But first, let’s move back to digital playback, and see what the Digital Server Platform can do, for a digital server.
Digital Server Platform
This platform is simpler in construction than the Treated Glass and Krion platforms and is made of MDF, with a layer of neoprene and a special paint. Unlike with the other platforms, its surface is deliberately not smooth, but actually very rough. Interestingly, its effect on the overall system sound is less than that of the other two racks. Perhaps because of the softer materil or also due to the rough surface.
The Server Platform being an MDF construction does mean that it superimposes a more evident character upon the music. But that’s not intrinsically a bad thing.
As described higher up in this article, I have listened to several turntables on this platform, and generally that works very well. Compared to the Krion Platform, using turntables, the Digital Server Platform has a friendlier sound signature, but is also more colored and less precise. Now how does it perform when used for its intended purpose: with a digital server?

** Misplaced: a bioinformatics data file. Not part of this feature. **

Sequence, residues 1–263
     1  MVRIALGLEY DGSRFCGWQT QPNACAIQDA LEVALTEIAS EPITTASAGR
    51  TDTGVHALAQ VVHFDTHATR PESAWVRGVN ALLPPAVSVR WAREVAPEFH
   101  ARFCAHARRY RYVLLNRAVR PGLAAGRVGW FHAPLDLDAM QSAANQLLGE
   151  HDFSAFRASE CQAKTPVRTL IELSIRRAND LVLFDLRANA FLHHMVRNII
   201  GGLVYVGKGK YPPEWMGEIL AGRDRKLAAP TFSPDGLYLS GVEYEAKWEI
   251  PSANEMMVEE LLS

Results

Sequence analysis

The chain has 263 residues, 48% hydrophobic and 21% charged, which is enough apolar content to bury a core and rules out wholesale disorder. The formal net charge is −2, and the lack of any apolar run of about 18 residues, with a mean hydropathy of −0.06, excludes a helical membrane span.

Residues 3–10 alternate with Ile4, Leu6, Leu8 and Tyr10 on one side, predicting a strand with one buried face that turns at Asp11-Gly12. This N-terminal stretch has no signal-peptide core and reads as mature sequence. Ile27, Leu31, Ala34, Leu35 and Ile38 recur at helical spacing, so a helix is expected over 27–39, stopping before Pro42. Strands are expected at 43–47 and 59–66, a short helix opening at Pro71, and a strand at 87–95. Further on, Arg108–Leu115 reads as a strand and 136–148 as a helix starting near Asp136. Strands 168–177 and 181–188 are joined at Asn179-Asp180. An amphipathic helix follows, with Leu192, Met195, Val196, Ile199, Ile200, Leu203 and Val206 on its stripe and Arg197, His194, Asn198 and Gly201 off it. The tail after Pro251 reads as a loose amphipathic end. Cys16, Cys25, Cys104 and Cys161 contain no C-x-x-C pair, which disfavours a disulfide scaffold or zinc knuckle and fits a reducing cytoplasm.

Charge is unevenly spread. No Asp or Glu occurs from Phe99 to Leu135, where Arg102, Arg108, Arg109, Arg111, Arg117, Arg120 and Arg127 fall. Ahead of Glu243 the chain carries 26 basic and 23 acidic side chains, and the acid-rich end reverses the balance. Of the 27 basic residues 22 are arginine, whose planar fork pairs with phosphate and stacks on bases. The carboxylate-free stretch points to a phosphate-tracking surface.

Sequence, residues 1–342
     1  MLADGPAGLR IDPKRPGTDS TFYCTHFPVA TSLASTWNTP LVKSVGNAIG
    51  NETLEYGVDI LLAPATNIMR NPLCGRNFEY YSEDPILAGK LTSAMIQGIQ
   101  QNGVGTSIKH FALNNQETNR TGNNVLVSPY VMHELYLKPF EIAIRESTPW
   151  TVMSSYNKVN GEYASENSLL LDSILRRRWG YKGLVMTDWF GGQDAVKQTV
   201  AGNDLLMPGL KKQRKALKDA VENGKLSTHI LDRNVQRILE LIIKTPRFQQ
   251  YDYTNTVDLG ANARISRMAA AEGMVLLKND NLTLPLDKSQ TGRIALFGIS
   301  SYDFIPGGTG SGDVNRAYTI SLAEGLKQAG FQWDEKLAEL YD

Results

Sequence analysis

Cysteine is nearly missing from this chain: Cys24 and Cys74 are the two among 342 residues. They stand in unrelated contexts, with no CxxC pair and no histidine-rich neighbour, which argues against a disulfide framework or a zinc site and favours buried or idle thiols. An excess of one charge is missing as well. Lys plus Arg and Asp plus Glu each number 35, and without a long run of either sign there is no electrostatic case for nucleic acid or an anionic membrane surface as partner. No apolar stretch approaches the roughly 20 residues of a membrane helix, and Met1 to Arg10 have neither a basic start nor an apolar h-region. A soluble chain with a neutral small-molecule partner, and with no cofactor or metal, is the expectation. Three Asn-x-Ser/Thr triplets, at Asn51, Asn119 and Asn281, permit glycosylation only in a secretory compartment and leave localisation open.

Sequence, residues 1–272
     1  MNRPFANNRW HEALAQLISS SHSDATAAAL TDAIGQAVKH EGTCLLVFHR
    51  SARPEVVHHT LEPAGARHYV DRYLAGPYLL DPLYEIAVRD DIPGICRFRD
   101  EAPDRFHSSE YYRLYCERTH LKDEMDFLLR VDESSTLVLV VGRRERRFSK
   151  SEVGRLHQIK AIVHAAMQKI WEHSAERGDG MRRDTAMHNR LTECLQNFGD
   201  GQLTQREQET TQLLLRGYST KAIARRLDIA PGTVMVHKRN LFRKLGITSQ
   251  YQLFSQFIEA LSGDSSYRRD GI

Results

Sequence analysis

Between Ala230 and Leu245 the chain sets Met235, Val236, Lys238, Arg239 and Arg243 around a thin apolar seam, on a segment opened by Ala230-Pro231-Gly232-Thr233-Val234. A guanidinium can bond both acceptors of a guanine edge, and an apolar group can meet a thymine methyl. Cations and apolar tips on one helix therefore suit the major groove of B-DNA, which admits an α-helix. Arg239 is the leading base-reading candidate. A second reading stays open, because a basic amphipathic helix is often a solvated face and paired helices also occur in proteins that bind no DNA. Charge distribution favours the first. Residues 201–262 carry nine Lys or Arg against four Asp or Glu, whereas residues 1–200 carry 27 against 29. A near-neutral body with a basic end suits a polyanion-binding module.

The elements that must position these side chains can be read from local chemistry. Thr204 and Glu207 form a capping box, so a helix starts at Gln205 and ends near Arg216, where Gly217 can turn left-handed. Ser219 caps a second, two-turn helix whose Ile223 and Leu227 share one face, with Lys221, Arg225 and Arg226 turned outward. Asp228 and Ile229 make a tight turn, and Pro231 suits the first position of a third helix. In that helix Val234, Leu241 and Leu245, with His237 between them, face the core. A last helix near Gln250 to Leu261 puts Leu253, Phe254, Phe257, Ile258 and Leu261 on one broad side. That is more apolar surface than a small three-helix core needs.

Subject of this test is a SOtM sMS-1000u VortexBox music server. This device is quite similar to my resident AAZ UltraFlow, in that the software and the USB soundcard are the same. They do differ in other aspects, also in sound, but on the whole you could say that they are of equal quality but having slightly different characters.
SOtM sMS-1000u placed on Exoteryc Rack
Placed on the Exoteryc Rack directly, and connected to the Rowland Aeris DAC via a KingRex uART USB cable, the sMS-1000u sounds very good: highly resolving, neutral yet rich in tonality, open, airy and unforced.
sMS-1000u on Digital Server Platform
Moving the sMS-1000u to the Digital Server Platform (swapping the server and the phonostage) makes for a very different sound. Surely a server (basically a computer) is not supposed to be this sensitive to placement, but I can assure you that it is.